Late in the evening on April 30th 1995 veteran bicycle/foot courierWayne Scott filed a unorthodox Federal Income Tax return. Scrawled in longhandacross the neatly ordered government form was his request that a portionof his daily food and liquid consumption, be recognised as fuel. Mr. Scottestimated his job-related nutritional expenses at $11.00.
Mr. Scott appeared before the Tax Court on July 28, 1997. His HonourJudge D.H. Christie dismissed Mr. Scott's appeal on August 6, citing thedictates of the Income Tax Act.
The newspapers latched on to the story at this point and throughthis national exposure Mr. Scott's plight came to the attention of DainaGroskaufmanis, a tax expert with the legal firm of Torkin, Manes, Cohen& Arbus.
With their pro bono assistance, Mr. Scott challenged Judge Christie'sdecision before the Federal Court of Appeal, on June 5th, 1998. The threejudge panel released its unanimous decision on July 23rd, upholding, inprinciple, Mr. Scott's argument.
In January of 1998, RevCan made a counter-offer to Mr. Scott of lessthan fifty cents on the dollar. Mr. Scott informed his legal representativethat he intended to expose RevCan's insulting counter-offer to the media.Given the legal community's unwritten rule all pre-trial negotiations mustremain confidential, Mr. Scott was forced to fire his lawyer, before goingpublic.
Still, rather than immediately notifying the press, Mr. Scott contacteda number of Ottawa-based RevCan and Justice Department officials, and raisedhis concerns about the seemingly vindictive air with which their Torontofranchise was approaching the debate.
Three days after contacting the Attorney General's office, Mr. Scottreceived a second communiqué from the Justice Department's Torontobranch. They not only agreed to Mr. Scott's $11.00 daily fuel deduction,they subsequently apologised for any perceived animosity emanating fromtheir camp.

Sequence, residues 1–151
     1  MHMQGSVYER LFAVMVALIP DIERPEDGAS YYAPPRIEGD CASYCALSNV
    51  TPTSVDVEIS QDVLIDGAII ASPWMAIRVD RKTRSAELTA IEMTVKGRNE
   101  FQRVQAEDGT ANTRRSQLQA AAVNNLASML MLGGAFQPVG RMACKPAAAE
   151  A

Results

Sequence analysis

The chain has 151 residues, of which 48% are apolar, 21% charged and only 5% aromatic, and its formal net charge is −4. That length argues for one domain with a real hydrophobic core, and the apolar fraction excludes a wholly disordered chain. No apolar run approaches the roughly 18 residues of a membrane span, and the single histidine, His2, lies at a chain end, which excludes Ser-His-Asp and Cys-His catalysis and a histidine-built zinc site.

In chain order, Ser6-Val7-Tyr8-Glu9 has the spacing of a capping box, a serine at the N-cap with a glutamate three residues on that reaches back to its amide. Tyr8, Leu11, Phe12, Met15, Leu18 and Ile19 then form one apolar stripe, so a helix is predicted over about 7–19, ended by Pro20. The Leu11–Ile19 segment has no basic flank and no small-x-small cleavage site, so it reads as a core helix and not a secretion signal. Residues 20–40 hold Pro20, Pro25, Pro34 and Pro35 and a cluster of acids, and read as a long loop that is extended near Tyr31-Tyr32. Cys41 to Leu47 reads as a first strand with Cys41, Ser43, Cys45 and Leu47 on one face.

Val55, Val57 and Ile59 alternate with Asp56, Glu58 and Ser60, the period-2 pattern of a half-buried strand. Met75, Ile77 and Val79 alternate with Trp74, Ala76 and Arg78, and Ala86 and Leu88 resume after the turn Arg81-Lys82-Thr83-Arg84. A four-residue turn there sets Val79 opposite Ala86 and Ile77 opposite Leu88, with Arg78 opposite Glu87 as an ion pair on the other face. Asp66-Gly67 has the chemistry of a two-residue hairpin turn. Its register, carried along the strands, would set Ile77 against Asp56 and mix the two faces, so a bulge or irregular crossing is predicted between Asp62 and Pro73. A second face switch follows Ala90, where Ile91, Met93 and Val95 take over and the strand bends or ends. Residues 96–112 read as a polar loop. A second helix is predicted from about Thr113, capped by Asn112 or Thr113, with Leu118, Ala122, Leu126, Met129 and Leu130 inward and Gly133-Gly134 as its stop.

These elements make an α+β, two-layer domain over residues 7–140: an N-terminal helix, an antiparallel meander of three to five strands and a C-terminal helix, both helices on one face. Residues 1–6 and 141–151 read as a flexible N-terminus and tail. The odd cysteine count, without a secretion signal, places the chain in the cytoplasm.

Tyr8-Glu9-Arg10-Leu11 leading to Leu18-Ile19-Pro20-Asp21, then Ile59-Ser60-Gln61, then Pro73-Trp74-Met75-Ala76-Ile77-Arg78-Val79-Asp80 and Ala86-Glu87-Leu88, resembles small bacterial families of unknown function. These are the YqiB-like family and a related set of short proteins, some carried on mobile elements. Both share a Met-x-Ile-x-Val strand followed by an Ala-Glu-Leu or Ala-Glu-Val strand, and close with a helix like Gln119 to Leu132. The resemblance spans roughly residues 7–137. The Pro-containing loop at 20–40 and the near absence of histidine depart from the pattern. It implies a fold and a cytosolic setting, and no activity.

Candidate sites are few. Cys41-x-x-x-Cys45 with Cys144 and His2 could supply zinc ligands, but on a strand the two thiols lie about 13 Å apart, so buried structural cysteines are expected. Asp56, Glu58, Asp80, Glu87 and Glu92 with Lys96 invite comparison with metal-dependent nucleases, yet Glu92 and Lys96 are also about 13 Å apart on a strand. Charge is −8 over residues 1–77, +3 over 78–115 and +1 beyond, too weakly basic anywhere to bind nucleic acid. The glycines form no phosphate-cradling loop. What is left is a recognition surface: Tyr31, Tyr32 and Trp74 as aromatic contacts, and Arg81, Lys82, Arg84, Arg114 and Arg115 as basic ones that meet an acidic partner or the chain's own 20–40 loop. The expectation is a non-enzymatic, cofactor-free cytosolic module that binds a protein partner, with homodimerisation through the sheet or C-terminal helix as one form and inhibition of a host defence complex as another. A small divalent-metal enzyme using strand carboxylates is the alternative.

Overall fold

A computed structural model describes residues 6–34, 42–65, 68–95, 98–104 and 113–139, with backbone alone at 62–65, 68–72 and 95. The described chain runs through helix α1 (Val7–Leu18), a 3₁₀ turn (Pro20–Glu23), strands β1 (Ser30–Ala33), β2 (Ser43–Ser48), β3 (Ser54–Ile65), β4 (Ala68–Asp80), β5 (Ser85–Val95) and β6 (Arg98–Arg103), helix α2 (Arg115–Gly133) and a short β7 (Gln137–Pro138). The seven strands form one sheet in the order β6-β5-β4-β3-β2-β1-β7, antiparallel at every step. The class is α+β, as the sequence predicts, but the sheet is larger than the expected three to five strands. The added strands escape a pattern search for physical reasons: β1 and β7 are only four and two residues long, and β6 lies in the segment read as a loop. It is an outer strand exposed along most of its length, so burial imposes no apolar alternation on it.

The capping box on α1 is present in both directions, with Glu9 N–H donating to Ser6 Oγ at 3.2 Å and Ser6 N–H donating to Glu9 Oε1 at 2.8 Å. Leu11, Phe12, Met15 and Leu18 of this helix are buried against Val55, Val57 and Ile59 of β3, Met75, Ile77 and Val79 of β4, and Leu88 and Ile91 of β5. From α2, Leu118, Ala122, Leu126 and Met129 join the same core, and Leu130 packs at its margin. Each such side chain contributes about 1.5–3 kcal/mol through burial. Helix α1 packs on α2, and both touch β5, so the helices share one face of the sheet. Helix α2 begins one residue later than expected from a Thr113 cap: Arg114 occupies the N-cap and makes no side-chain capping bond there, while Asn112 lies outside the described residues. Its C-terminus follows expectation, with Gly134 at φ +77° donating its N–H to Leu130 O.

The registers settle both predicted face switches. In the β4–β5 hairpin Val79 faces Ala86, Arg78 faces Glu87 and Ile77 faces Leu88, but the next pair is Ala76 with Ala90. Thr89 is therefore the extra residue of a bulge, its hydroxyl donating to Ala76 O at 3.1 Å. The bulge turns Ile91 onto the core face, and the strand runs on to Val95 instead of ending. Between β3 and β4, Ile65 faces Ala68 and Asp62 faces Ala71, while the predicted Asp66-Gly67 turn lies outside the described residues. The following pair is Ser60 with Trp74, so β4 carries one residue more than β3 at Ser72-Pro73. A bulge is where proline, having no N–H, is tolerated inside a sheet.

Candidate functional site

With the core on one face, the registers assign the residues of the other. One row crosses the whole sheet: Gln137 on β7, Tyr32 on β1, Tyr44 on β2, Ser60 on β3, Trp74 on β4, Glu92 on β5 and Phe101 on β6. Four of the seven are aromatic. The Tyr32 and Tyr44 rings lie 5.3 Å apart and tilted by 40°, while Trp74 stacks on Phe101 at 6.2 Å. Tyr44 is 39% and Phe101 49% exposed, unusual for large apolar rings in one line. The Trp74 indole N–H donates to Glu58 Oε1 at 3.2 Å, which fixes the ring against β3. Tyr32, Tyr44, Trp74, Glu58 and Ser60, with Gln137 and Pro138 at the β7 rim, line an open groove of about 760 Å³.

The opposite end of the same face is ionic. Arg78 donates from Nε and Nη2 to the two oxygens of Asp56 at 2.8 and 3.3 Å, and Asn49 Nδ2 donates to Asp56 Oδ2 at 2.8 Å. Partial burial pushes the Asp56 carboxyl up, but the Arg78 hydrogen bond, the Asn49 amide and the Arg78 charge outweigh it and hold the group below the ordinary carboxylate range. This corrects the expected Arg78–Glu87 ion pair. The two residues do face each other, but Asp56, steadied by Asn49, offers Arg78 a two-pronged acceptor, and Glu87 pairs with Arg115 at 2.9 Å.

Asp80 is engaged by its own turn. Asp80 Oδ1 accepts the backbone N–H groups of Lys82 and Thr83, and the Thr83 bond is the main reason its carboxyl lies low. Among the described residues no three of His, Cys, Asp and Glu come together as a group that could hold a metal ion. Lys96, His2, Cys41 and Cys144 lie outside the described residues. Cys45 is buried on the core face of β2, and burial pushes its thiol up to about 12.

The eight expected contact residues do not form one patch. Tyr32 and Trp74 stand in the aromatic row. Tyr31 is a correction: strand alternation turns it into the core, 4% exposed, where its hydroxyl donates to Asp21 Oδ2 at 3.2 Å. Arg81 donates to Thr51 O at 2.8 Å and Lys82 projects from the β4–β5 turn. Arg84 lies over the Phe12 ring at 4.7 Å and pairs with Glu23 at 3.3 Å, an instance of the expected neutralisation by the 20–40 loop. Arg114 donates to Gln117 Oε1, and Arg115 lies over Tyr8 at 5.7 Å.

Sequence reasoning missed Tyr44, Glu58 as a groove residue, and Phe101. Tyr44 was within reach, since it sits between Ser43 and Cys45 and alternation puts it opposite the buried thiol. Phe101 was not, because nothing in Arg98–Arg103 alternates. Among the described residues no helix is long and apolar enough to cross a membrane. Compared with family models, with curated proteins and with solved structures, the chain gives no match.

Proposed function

The Tax Court hearing took place on March 8th of this year, againbefore Judge Christie. The elderly jurist directed a number of questionsto Mr. Scott, aimed at pinning down the exact cost of the courier's fueldemands. Mr. Scott presented the court with a report from Dr. Carol Greenwood,an associate professor with the University of Toronto's Faculty of Medicine.
Eventually, Judge Christie stated that he was not there to watchMr. Scott and the Crown engage in any further debate. The judge then banishedthem from his courtroom to conclude their discussions.
In an anteroom outside the court, the Crown suggested that if Mr.Scott did not immediately accept the Crown's offered settlement, they mightbe forced to re-evaluate the $11.00 figure, as overly generous.
Ailing, broke and unable to stomach another moment in the companyof these contrived, hollow bureaucrats; Mr. Scott surrendered.
As for how this decision impacts upon other members of the professionis anyone's guess. Right now it depends on who you talk to at RevCan.
Bruce Allen, Appeals Division, Toronto (416) 954 - 3812 Mr. Allensays that all other eco-friendly couriers should re-file their tax returnsindividually.
Colette Gentes-Hawn, Press Spokesperson, Ottawa (613) 957 - 3522Ms. Gentes-Hawn says no other couriers can re-file because they failedto file the formal Objection on time.
Bill Baker, Appeals Division, Ottawa (613) 957 - 2179 Mr. Baker didn'tbother to get back to Mr. Scott last week, but he has the clout to makethings happen.
While the government's intransigence has cost Mr. Scott his job,his health and thousands of dollars in time and expense; his personal losspales when compared with the incredible waste of taxpayer's dollars thatthe Feds continue to invest in challenging Mr. Scott's simple request forso logical a deduction.